Okay, I’ll have everyone know that it is currently between the hours of 9 pm and 1 am and I am NOT, I repeat NOT, on Lincoln Center Plaza!!! This is a huge step forward for me; yes, I feel that I am steadily on my way to overcoming my addiction…
Here are some pictures from last night, Sunday, when I attended “Slow Dancing” for my fourth time in, yes, the mere four days the exhibit has shown, this time with my fellow blogger, Oberon. It was a “schmoozing with the artists” night for us:
Oberon cutely peeking over his shoulder at me. And, in the background is Michalek (in red bandana) talking to the filmed dancer on crutches, whose name I now know (thanks to the playbills near the State Theater entrance ) to be Bill Shannon, or “Crutchmaster.”
And here is Philip with his favorite ballerina, the spectacularly amazing, and, given her enormous status, almost ridiculously nice and personable, Wendy Whelan:
Sorry to be going on about it ad nauseam now, but I’m just so excited about this exhibit because I feel like it has so much potential to be really powerful. It’s like ballet for the masses, and I LOVE it.
Interesting thing about last night was, unlike the previous ones, there was no Midsummer Night Swing. So it was shown in stunningly dead silence. At first Philip and I were thinking, hmmm, this is going to be odd without music, maybe they could have classical or something?… But then after it began we agreed it was really quite beautiful, really poetic this way. Actually, it was more like a regular concert dance performance, like being at the ballet, but outside. And in this poetic silence, I feel like my previous suggestion of having the dancers’ names on the screens, would be as ludicrous as having an announcer yell out names, SuperBowl style, during a Met performance. But then, I still think it would make good sense to post the names prominently during the MNS crowd, because those people are not going to go running up to the State Theater to pick up a brochure or search for a poster; in that context, it needs to be easier.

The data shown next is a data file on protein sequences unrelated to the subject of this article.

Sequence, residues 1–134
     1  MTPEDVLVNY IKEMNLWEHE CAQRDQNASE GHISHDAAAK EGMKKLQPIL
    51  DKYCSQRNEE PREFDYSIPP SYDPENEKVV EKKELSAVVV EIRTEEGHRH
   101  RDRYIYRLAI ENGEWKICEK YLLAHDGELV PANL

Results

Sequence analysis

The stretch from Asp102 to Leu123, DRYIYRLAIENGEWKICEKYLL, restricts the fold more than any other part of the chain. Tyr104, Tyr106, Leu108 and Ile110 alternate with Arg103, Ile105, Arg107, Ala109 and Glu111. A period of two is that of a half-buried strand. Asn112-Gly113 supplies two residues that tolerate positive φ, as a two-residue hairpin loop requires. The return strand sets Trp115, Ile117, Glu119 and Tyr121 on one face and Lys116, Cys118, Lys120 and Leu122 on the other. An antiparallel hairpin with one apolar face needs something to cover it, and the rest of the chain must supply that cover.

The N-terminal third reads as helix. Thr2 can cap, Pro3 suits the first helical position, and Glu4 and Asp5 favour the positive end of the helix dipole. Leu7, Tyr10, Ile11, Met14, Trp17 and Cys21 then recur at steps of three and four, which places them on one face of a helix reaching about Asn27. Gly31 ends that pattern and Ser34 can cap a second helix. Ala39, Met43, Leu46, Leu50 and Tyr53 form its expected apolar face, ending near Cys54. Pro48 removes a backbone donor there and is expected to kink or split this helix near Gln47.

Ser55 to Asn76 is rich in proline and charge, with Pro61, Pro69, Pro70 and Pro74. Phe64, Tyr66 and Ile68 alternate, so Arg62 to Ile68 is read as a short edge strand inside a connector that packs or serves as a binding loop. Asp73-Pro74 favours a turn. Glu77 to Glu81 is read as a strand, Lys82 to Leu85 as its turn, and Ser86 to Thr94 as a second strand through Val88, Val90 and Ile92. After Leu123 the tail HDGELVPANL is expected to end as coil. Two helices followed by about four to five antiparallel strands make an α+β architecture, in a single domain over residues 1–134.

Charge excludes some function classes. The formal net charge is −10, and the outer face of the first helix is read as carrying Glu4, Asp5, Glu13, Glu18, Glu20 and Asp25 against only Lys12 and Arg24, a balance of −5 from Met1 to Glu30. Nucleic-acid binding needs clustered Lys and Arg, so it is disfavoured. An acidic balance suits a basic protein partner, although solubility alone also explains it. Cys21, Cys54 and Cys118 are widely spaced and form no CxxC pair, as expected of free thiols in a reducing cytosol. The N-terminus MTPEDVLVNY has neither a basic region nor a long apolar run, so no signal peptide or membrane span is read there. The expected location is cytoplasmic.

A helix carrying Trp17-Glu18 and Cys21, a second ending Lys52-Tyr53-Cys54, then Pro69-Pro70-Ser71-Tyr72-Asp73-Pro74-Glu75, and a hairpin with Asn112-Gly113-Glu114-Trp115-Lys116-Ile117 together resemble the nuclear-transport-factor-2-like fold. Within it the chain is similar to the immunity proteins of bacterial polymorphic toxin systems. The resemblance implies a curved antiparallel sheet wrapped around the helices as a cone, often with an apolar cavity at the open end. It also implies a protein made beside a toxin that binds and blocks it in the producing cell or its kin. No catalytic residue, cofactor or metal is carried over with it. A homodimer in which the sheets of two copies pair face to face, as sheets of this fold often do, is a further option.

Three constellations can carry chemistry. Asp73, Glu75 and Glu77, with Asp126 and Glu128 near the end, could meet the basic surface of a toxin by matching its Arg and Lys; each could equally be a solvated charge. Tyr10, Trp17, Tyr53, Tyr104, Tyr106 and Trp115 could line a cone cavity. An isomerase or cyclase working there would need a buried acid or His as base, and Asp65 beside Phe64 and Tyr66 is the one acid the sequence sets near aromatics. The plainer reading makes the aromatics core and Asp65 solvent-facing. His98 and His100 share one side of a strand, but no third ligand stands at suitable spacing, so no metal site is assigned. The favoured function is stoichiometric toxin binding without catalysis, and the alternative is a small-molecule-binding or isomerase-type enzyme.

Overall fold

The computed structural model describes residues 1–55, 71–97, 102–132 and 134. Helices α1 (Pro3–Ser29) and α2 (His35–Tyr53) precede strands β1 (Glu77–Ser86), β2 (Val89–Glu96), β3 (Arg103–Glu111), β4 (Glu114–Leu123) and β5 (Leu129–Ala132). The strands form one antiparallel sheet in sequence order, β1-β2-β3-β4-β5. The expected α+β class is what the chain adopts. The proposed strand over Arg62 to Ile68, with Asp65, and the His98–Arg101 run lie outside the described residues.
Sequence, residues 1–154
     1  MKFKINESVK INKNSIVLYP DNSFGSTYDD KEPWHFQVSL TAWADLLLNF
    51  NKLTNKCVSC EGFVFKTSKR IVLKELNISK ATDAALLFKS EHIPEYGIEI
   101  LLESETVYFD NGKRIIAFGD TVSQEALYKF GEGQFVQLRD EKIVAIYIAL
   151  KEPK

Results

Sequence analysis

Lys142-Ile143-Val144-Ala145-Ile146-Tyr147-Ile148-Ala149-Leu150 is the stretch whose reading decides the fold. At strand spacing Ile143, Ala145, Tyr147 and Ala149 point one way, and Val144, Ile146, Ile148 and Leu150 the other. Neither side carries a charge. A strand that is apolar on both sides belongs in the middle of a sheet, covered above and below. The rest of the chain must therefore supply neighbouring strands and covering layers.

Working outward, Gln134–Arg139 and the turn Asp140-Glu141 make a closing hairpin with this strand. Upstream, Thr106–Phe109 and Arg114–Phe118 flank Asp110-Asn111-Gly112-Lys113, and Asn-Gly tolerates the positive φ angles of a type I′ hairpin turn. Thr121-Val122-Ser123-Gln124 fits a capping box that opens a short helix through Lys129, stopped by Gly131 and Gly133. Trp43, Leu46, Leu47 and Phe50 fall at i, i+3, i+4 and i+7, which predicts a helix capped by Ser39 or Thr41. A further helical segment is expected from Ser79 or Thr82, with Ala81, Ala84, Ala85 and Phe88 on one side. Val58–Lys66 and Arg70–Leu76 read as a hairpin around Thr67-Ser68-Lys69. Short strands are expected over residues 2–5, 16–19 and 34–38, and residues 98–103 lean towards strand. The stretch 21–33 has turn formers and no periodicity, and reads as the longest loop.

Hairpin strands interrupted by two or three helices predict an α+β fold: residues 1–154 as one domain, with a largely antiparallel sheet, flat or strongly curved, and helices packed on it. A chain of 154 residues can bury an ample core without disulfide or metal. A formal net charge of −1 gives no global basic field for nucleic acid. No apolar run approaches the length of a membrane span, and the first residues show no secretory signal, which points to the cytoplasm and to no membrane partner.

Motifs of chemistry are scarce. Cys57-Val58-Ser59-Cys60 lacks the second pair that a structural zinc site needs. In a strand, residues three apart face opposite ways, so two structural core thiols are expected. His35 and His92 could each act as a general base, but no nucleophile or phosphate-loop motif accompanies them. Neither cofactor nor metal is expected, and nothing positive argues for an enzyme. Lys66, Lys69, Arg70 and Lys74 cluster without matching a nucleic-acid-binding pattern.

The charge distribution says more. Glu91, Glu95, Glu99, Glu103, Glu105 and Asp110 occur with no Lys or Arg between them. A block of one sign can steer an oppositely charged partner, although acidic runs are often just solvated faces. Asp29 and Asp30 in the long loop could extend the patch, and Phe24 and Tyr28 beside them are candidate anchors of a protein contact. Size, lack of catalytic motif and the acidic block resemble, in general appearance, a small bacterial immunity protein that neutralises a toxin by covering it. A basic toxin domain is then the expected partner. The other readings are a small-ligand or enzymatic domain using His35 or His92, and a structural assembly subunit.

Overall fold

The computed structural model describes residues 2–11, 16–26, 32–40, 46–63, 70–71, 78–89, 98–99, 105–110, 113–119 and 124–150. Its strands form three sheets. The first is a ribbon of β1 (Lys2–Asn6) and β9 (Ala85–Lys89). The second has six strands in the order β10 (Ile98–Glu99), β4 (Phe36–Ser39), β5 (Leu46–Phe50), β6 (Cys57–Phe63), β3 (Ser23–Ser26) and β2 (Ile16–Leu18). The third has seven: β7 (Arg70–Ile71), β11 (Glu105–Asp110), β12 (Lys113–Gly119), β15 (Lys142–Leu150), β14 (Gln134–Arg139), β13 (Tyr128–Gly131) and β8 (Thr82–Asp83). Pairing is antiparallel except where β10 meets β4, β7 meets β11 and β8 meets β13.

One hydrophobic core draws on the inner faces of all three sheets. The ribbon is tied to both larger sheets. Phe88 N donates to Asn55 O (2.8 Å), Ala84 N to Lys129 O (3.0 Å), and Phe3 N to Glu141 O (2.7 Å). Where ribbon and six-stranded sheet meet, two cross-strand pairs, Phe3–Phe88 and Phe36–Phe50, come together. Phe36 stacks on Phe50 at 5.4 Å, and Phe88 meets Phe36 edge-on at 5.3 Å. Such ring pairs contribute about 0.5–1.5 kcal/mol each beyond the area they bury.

Anyway, the lack of raucous crowd enables you really to focus on the odd beauty of the movement; I saw many things I’d missed before. Of course I had Philip and Wendy as guides. Wendy told us to watch for Allegra Kent, a former prima ballerina who danced many a performance, with the New York City Ballet, right inside that State Theater. At the start of her routine, she briefly turns her back to you, the viewer here, in order to face her beloved theater, and, inside, her audiences past. She raises her arms up high, in eternal gratitude to them, to what happened beyond those doors, now long ago. It’s such a poignant gesture of reverance to those fans, to the past, and, given who she is, to ballet history in general, and you just want to cry.
And I guess that’s why I want there to be a way of spreading that message to everyone; if you don’t know who she is, I fear she may just look like some weird lady casting a spell or something, you know? And that would be just a travesty.
When Janie Taylor came on, Philip squealed, grabbed my arm and galloped, dragging me along behind, over to the far right of the plaza, beyond the Midsummer Stage, where we could have a full view — something that definitely wouldn’t have been possible if it was a social dance night.
(above photo of Janie Taylor taken from Time Out New York‘s website).
“Oooh, her hair, look at her hair, look at her hair!” he screamed, flailing about so wildly he really could’ve knocked me out had I been a little closer. Funny, but that flying mane did look cooly like a waterfall this time. Philip should be a professional laugher, or whatever those people are called who get paid to fire up the audience.
So, I dunno; I feel like my perception of the event, of the spectacle, varies on the context. There was still a congregation, but of course nowhere near the size of that on a Midsummer Night. It was a night for the true diehards. I’m glad I saw it when it was quiet and I could really concentrate (and meet Wendy!), but I still love watching with the Swingers, seeing what they see. (Thanks, by the way, to Michele, who commented on my last post, giving her view from that salsa mosh pit!) I have seen many of the social dancers, taking breaks, stand back and gaze up, and try to imitate some of the moves. You develop a dance aesthetic as a watcher / participant and it’s fun to try to mirror those screen giants, so long as no one gets hurt with some crazy over-the-head leg extension…